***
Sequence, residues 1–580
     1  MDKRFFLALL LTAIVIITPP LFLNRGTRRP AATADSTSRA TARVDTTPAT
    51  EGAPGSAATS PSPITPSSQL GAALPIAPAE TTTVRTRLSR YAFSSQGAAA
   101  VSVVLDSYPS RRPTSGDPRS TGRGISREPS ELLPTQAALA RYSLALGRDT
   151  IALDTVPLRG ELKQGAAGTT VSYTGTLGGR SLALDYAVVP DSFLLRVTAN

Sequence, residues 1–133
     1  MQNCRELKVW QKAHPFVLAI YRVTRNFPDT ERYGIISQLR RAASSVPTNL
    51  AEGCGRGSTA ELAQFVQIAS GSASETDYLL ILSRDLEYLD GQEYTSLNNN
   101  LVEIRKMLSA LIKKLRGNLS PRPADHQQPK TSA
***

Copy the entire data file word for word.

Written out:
Sequence, residues 1–580
     1  MDKRFFLALL LTAIVIITPP LFLNRGTRRP AATADSTSRA TARVDTTPAT
    51  EGAPGSAATS PSPITPSSQL GAALPIAPAE TTTVRTRLSR YAFSSQGAAA
   101  VSVVLDSYPS RRPTSGDPRS TGRGISREPS ELLPTQAALA RYSLALGRDT
   151  IALDTVPLRG ELKQGAAGTT VSYTGTLGGR SLALDYAVVP DSFLLRVTAN

Sequence, residues 1–133
     1  MQNCRELKVW QKAHPFVLAI YRVTRNFPDT ERYGIISQLR RAASSVPTNL
    51  AEGCGRGSTA ELAQFVQIAS GSASETDYLL ILSRDLEYLD GQEYTSLNNN
   101  LVEIRKMLSA LIKKLRGNLS PRPADHQQPK TSA